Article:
Just to balance this with another view, there’s an interesting take on wealthtech in Asia from FinTech News.

Mesitis is a financial technology company headquartered in Singapore focused on developing solutions for the private wealth market. The firm offers an account aggregation and reporting platform for high-net-worth individuals and their wealth managers; a bionic investment adviser providing ‘unconflicted’, custom-built, ETF-only portfolios at a fraction of the cost; and an agency-only execution provider specialising in global equity and fixed income markets.

8 Securities Limited is known for having launched Asia’s first zero-commission mobile stock trading service. The app lets users trade 15,000 US, Hong Kong and China H shares and exchange traded funds for free. Users can hold their account in USD, HKD or RMB. There’s no minimum balance or account fee.

Quantifeed provides a digital investment solution to financial institutions and their clients. The platform allows users to explore, customise, invest and manage portfolios of stocks, bonds, funds and other asset classes. It has been developed to allow for full integration with firms’ execution and back-office systems.

MyHero is the company behind TradeHero, a popular free stock market simulation app, which draws real-world data from stock exchanges to create a global social investment network.

FinFabrik is a financial services technology company that focuses on investment-related services, ranging from active client trading to automated wealth management platforms.

Prive Financial provides a comprehensive set of wealth management, asset allocation and product structuring tools. The platform integrates these three core functions by being able to automatically generate and execute securities across global markets on multiple asset classes.

Aidyia has developed a cutting-edge artificial general intelligence (AGI) technology to identify patterns and predict price movements in global financial markets. AGI is a branch of artificial intelligence aimed at learning mimicking the human brain’s breadth, depth and generality of understanding. Applied to financial markets, the result is financial prediction and trading systems with a human like ability to not only recognise mathematical patterns in market data, but to understand what these patterns mean in a broader context.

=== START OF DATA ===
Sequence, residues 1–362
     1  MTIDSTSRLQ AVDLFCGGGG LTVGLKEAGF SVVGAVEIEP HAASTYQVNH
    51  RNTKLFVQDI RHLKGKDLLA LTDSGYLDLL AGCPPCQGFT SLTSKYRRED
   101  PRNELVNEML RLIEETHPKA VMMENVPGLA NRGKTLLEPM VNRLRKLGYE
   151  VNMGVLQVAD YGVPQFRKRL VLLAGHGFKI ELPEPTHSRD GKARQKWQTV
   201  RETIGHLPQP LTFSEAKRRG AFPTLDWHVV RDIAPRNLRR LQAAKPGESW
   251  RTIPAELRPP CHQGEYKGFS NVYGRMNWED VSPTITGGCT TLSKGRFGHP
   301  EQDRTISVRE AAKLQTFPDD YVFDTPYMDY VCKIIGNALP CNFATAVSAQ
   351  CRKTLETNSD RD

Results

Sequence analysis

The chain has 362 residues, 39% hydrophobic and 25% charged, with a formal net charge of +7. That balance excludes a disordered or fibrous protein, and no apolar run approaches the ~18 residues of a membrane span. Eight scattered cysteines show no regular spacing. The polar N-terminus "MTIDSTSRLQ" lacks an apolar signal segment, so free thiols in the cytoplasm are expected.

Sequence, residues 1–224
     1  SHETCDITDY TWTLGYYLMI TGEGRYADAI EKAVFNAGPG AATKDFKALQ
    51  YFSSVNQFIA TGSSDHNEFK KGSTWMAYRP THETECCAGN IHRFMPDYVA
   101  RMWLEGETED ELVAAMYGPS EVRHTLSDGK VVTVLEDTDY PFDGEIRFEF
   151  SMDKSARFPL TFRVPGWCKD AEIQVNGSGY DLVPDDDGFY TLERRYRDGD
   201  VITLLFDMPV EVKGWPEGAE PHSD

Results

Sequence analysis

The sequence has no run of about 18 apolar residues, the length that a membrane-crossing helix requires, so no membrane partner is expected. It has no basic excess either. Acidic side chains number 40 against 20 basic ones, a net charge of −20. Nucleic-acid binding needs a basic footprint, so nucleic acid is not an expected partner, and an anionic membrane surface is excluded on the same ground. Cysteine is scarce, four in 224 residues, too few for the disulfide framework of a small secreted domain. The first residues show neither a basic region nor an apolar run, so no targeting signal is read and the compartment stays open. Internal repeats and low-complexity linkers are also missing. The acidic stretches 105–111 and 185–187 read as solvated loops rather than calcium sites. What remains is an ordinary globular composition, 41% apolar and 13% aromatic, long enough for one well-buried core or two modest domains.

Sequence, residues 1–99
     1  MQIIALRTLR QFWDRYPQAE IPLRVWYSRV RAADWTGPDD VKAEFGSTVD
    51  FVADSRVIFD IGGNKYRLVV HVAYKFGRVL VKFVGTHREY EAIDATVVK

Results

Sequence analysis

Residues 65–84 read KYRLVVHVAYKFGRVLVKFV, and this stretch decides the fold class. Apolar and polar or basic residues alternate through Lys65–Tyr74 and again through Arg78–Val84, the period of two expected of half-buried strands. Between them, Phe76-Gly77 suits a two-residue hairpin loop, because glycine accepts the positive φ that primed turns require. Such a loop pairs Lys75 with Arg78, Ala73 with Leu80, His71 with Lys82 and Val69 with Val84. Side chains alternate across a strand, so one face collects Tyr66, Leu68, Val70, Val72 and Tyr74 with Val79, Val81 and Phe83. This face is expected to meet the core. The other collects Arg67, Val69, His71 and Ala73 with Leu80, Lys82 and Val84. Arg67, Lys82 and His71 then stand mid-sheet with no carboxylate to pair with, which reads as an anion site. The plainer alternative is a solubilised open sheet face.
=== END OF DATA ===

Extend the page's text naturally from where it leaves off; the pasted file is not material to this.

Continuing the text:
Call Levels provides a free app that delivers financial market data updates. Powered by the cloud and built with proprietary monitoring technology, the solution lets everyone access finance information on-the-go at the ease of their fingertips.

Eigencat is a fintech startup supported by the University of Singapore (NUS), which has built a modular digital investment platform for use in the wealth space.

Robo-advice

Robo-advisors are for the mass affluent, and are providing an opportunity to bring together the micro and the macro level of money and engage the mass affluent with a real-time ledger and balance system. I liked the quote from Jon Stein, founder and CEO of Betterment, who stated that they were not competing with the wealth managers, hence why this is a separate section. He believes their competition is advice vs no advice, and that it’s not a battle between robots and humans but a battle between advice and nothing.

In the robo-advisory field, the US has led the charge with the rise of companies such as Wealthfront, Betterment, FutureAdvisor and Personal Capital. They offer wealth management and micro PFM in a killer app. Their features are finely tuned and you can find many comparisons, but this one from Nerd Wallet gives you the lowdown. These are not the only ones though, as we have folks like Nutmeg over here.

Lending

Peer-to-peer lending is something I’ve blogged about. It’s connecting people who have money with those who need money through software, and mitigating risk through real-time credit analytics. Zopa was the first of these, but many followed, including Prosper Marketplace, Lending Club, Lufax and more. I strip out SME financing from P2P lending, primarily because it generated a huge, new flow of capital to small businesses and startups that couldn’t exist without fintech. However, if you want to know more generally about P2P lending and related discussions, here are a few blog links worth looking at: